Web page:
Lockheed Martin plans to dramatically reduce through-life operating and sustainment costs of the F-35 Lightning II Joint Strike Fighter (JSF) combat aircraft through, what it calls, its '25 by 25' initiative.
Geared at reducing the F-35's costs to USD25,000 per flight hour by 2025, this '25 by 25' initiative is a company-launched effort that aims to mirror the success that Lockheed Martin has had in its goal of bringing the aircraft's procurement costs down to below USD80 million (for the F-35A-model) by 2020.
"Over the last three years we have already seen a 15% reduction in the cost per flight hour of the F-35, and through discrete actions - management of the supply chain and logistical footprint, for example - we aim to get the current USD35,000 per flight hour down to USD25,000 by 2025," Greg Ulmer, vice-president and general manager, F-35 programme, said at the Paris Air Show on 17 June. As noted by Ulmer, about 40% of the F-35's operating costs are owned by Lockheed Martin, with the remainder being the responsibility of the operator.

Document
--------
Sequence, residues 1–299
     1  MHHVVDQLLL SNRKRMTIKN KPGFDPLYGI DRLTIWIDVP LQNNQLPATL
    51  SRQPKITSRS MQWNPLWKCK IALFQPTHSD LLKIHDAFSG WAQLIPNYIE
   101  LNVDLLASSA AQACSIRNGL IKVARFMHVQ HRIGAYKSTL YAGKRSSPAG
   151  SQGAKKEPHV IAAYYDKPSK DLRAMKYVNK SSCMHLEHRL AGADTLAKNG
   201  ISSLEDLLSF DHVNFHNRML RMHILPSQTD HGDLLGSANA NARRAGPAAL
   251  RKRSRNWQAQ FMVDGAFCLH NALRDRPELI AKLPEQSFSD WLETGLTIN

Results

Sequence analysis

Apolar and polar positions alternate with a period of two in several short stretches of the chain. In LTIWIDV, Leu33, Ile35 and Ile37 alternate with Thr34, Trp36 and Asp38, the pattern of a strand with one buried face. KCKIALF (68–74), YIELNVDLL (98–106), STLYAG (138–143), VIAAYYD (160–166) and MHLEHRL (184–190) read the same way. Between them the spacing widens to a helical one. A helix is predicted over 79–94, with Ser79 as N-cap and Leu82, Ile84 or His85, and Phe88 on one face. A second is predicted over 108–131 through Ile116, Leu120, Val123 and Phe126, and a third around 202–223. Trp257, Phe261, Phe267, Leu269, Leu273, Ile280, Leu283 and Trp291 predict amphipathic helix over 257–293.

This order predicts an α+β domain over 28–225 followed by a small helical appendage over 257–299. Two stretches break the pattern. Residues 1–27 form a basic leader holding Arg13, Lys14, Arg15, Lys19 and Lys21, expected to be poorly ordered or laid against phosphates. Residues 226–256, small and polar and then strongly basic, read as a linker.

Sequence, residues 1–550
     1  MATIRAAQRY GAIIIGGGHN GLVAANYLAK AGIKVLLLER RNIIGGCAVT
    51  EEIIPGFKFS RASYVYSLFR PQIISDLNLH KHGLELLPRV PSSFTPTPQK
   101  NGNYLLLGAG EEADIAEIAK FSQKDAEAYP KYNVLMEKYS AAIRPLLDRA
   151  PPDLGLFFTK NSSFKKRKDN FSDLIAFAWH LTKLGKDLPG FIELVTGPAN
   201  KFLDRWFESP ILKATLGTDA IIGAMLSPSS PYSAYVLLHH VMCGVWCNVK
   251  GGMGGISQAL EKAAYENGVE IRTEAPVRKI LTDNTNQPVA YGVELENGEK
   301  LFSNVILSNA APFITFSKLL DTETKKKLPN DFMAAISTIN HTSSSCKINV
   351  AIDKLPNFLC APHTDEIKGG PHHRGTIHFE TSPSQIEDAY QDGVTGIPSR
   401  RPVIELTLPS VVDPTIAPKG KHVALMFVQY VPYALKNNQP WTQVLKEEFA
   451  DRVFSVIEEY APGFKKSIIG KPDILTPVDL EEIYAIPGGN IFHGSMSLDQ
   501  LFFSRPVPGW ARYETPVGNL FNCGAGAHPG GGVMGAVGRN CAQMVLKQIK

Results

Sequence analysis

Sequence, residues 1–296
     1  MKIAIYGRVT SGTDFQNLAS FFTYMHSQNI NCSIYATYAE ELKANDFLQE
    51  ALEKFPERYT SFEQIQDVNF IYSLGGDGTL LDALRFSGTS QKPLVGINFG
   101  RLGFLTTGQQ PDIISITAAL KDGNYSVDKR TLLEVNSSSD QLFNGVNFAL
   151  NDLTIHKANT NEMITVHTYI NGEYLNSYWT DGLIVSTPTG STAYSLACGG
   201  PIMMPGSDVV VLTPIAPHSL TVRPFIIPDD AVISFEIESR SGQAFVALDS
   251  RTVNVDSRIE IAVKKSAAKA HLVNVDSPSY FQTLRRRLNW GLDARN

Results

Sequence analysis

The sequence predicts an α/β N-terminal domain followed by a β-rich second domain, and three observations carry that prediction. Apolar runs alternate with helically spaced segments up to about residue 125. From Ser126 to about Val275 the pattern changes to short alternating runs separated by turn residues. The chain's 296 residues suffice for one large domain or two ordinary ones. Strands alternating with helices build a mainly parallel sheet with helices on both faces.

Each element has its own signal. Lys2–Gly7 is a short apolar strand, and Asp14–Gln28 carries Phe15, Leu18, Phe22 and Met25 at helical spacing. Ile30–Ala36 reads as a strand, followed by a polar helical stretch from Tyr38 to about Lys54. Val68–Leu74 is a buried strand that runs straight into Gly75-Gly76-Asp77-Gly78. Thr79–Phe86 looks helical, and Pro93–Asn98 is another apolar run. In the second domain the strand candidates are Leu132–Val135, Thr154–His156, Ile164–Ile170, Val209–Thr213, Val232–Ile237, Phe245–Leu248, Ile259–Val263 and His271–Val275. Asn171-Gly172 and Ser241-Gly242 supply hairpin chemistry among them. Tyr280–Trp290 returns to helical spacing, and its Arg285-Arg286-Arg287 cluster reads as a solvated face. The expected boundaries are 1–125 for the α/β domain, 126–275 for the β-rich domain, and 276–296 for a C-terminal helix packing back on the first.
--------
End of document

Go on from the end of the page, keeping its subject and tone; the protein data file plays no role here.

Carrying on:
With Lockheed Martin actually tracking ahead of its 2020 goal for a USD80 million-unit price - this target is now set to be achieved with Lot 13 of low-rate initial production (LRIP) later this year - the '25 by 25' initiative should help solve the aircraft's very high operating costs, which are seen as an Achilles' heel for the F-35 in the international market place.
Responding to suggestions that this operating cost reduction goal might be too ambitious for the programme, Ulmer noted, "Many said we couldn't get to an USD80 million aircraft, but we did it. We haven't committed to something that we don't think we can achieve."
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